However, the protest was also damaging on a psychological level. Dr. Ravandi recounted her personal experience at the CSUN vaccination site: “The majority of the people working there were volunteers, so they were happy to be there. Everybody who was coming to get vaccinated was so grateful, and it was like the bright spot in the middle of the pandemic.” A similar atmosphere – one of comfort and relief – is likely to have been experienced by both volunteers and patients at Dodger Stadium prior to the arrival of protesters. Feelings of safety and comfort turned into fear and exasperation. Messages of gratitude were drowned out by inaccurate and inflammatory signs that read “DON’T BE A LAB RAT,” “TAKE OFF YOUR MASK,” “RECALL GAVIN NEWSOM,” and “COVID = SCAM.”            

   While the protesters may assert that they were exercising their Constitutional rights of free speech and assembly, their actions may have been unlawful.

   Connie Tcheng, J.D., an attorney at Doll Amir & Eley LLP and board member of the American Civil Liberties Union of Southern California, explained that “there’s a constitutional right to expressing your view, but that’s not limitless.” While the First Amendment prohibits restrictions based on the content of speech, it does not protect all types of speech activity in every circumstance. As Tcheng affirmed, “police and government are allowed to place certain nondiscriminatory and narrowly drawn ‘time, place and manner’ restrictions on free speech rights.” Further, “civil disobedience and unlawful conduct may not be protected.”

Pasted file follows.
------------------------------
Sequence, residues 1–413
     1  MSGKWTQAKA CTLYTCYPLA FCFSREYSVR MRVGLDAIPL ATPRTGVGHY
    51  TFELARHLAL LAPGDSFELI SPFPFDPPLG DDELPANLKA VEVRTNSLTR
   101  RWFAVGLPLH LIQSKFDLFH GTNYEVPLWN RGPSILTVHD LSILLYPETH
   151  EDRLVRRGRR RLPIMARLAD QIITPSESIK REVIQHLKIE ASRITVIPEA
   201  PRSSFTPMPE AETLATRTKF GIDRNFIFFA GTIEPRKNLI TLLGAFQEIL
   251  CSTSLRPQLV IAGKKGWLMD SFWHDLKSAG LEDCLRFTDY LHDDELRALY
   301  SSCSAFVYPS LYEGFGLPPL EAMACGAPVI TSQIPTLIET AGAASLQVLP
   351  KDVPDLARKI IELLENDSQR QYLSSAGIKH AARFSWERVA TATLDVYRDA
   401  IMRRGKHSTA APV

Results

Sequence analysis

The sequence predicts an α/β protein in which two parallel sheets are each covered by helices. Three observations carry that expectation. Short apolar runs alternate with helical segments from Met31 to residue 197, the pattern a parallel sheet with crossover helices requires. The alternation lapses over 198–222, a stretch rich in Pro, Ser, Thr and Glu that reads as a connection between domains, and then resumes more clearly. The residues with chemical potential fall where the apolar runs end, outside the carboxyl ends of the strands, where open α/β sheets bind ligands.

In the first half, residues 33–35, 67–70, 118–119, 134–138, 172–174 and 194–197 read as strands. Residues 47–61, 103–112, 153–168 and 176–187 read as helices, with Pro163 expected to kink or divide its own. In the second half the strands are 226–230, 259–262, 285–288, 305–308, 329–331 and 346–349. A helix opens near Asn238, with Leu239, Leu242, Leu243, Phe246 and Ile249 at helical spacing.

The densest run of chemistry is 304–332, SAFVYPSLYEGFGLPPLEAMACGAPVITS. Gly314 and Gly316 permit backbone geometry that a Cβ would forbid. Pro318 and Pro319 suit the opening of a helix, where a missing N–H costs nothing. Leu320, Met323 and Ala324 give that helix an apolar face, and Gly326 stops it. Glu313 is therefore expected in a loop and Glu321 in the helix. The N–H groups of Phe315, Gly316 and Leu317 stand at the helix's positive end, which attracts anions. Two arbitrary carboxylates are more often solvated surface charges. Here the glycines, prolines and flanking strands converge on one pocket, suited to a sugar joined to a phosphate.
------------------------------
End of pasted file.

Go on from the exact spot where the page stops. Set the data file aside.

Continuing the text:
“In my view,” Tcheng commented, “disruptive activity that interferes with hundreds of people obtaining medical care is not constitutionally protected free speech.” 

   The Los Angeles Times reported that “Protesters spoke through bullhorns: ‘Turn back while you can,’ one man said.” Such usage was unprovoked and aggravating. More sizable protests may utilize voice amplification or cause a street closure; in this case, a permit is required. Although the Dodger Stadium protest both involved the use of bullhorns and created a temporary shutdown, it is highly unlikely that the protesters had a permit. Dodger Stadium would have been notified in advance of the protest. Perhaps a designated protest zone would have been created, and volunteers would have been able to prepare for possible conflicts.

   Outside of Dodger Stadium the morning of the protest, Omar Navarro, a conservative perennial candidate for the state’s 43rd congressional district, expressed that he was “concerned L.A. residents were being forced to take a coronavirus vaccine ‘that they don’t need,’” according to The Los Angeles Times

   In this context, a certain irony manifests itself. The idea that being vaccinated is an individual’s personal choice is an argument often used by anti-vaxxers. However, the protesters’ actions were not in accordance with this belief. If everyone must have the choice to decide whether or not they would like to be vaccinated, attempting to convince others not to receive a vaccine is an infringement of this exact choice. The protest at Dodger Stadium dangerously epitomizes those who claim to be fighting for freedom – but carry their actions out by violating the freedom of others.